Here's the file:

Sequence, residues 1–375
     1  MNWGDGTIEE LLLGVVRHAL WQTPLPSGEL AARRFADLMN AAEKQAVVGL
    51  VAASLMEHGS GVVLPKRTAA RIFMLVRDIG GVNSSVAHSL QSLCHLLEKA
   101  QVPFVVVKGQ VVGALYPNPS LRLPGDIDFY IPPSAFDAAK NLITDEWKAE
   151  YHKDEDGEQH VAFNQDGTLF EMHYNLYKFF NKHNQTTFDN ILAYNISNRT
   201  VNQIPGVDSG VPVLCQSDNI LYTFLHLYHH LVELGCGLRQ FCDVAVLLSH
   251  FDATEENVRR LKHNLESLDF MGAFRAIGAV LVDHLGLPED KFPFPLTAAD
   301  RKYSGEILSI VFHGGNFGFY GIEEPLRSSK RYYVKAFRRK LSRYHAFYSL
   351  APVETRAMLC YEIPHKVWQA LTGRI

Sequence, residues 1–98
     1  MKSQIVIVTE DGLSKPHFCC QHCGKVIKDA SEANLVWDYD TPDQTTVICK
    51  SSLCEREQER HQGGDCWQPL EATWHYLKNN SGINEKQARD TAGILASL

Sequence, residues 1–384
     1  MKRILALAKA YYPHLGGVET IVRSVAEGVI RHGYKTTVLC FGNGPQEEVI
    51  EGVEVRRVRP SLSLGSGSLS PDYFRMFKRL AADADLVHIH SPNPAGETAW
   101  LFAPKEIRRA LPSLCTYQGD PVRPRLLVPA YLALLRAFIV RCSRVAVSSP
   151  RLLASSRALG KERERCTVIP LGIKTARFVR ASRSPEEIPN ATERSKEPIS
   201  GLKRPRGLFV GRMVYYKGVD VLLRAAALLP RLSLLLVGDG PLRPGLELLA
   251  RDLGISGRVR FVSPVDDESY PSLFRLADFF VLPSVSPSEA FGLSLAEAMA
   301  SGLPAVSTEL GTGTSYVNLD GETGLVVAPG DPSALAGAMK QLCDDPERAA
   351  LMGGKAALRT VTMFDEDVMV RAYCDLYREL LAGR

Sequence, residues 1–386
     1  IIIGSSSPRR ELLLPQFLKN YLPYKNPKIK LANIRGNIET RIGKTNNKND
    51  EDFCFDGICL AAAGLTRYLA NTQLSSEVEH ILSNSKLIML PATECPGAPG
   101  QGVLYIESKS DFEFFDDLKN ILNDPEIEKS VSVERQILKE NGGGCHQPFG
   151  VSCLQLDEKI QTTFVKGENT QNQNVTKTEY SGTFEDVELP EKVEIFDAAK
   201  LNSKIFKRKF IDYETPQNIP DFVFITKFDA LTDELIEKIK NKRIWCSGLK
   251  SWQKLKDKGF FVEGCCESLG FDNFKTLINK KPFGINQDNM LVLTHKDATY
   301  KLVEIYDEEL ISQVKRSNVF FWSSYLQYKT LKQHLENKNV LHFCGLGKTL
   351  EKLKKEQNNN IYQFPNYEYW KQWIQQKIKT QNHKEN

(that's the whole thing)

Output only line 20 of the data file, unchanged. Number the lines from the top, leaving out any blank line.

   301  SGLPAVSTEL GTGTSYVNLD GETGLVVAPG DPSALAGAMK QLCDDPERAA